The Institute of Real Estate Management (IREM) expects to see more property managers make the leap to the C-Suite in the coming years. Joe Greenblatt, president-elect of IREM, remarks, "We are seeing a shift in real estate management as a career of coincidence, as it was for many senior practitioners, to a career of choice. We are now recruiting people who are very well educated, have earned a [Certified Property Manager designation], and are 25 years old." A 2012 survey on employee happiness by CareerBliss ranked accredited commercial managers second -- tied with executive chefs -- and surpassed only by software quality assurance workers. "As a group, managers are generally happy because they find their work gratifying," added Greenblatt. "They can see the tangible results of their work when so many of us can't."

Among IREM's main tasks has been to help these professionals make the leap to the boardroom via a platform of education and outreach. The organization has funneled its resources into everything from website upgrades and social media to education and leadership programs. Instead of targeting only members, it has embraced the management industry as a whole in an effort to raise standards across the board. Current IREM President Beth Machen states, "Our membership represents the upper end – the best educated real estate management professionals in the business, yet there are thousands of other real estate managers functioning in the same environment of increasing demands. We want to serve these people, as well."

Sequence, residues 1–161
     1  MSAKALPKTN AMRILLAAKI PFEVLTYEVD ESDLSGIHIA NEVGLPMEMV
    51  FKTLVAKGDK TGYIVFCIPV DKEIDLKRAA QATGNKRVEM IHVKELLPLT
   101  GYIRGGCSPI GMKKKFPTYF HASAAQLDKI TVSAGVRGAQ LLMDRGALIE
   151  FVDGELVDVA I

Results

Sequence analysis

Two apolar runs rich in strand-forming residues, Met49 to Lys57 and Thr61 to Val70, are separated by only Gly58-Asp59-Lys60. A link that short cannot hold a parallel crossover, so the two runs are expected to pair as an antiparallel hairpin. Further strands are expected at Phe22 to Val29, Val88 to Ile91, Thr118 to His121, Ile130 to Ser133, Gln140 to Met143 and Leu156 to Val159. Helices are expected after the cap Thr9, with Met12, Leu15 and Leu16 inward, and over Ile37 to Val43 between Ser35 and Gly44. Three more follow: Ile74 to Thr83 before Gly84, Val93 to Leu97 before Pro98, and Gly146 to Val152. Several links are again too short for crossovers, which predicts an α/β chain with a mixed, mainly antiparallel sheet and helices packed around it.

To this end, the Institute has signed educational Memorandums of Understanding with such firms as NAI Global and Coldwell Banker Commercial and has partnered with universities ranging from Cornell to Georgetown to integrate management skills to real estate curriculum. The result has been a 3 percent increase in membership over the last three years to 18,000 individual members managing approximately $2 trillion in real estate assets.

Plots & Ploys: Marketing Gotham
Wall Street Journal (08/28/13) Li, Roland